Sometimes August has felt like a “dreaming month” for me as my schedule slows down and there is time to observe the surrounding beauty more closely. Space seems to open up for extended conversations with family, friends and neighbors. Evening walks offer the mingled, florid scents of dozens of blooms in every yard and even pups on the leash walk more modestly. I am hoping for such a month as this first day unfolds.
My favorite poet, Mary Oliver, has a poem with this languid, August feel. I share it here, with all of you, hoping that you will also have a moment for a contented sigh tucked into this day and the “dog days” of August yet to come:
While I Am Writing a Poem to Celebrate Summer, the Meadowlark Begins to Sing
Sixty-seven years, oh Lord, to look at the clouds, the trees in deep. moist summer,
daisies and morning glories opening every morning
their small, ecstatic faces – Or maybe I should just say
how I wish I had a voice like the meadow lark’s,
sweet, clear, and reliably slurring all day long from the fencepost, or the long grass
where it lives in a timy but adequate grass hut beside the mullein and the everlasting,
the faint-pink roses that have never been improved, but come to bud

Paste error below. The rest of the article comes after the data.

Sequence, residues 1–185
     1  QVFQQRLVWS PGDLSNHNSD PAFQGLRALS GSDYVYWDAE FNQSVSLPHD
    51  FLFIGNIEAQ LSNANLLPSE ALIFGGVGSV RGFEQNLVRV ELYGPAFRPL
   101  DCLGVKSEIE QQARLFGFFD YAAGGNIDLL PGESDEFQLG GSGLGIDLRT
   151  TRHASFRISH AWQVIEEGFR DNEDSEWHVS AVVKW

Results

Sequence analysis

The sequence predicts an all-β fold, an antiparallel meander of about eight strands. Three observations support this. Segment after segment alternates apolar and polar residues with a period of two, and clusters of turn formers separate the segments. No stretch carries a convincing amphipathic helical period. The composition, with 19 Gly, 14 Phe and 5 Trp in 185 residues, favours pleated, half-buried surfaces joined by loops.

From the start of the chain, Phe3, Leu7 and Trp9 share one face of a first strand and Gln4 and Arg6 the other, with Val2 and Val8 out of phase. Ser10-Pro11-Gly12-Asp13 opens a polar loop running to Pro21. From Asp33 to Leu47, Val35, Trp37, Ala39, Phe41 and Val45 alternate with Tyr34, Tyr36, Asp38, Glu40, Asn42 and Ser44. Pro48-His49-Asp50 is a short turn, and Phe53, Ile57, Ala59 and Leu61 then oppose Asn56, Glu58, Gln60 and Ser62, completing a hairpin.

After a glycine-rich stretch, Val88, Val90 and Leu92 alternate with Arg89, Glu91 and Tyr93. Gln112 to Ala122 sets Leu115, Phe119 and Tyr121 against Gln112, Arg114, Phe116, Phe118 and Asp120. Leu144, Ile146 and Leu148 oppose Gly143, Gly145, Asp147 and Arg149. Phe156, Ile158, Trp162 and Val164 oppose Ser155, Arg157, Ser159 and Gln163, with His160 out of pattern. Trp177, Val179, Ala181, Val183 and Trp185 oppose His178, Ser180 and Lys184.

then open like little soft sighs under the meadowlark’s whistle,
its breath-praise, its thrill-song, its anthem, its thanks, its alleluia.
Alleluia, oh Lord.
Yes, there is discord and division in the public arena. Yes, there is a choking cloud of smoke that hangs over thousands of acres of devastated land in California. Yes, children still cry themselves to sleep wondering when their parents will be allowed to place their arms around them again. Yes, we carry the grief of all this in our hearts. But, we dare not forget that God is at work, sowing seeds of reconciliation and renewal; bending low to carry the forsaken and bring home those lost to community. Therein, lies my song, my anthem, my desire to follow to the ends of the earth this “alleluia-bearing God” who sings on in the meadowlark’s trilling for all who rest by the road to hear.
Toward our wholeness and shalom peace as God’s children,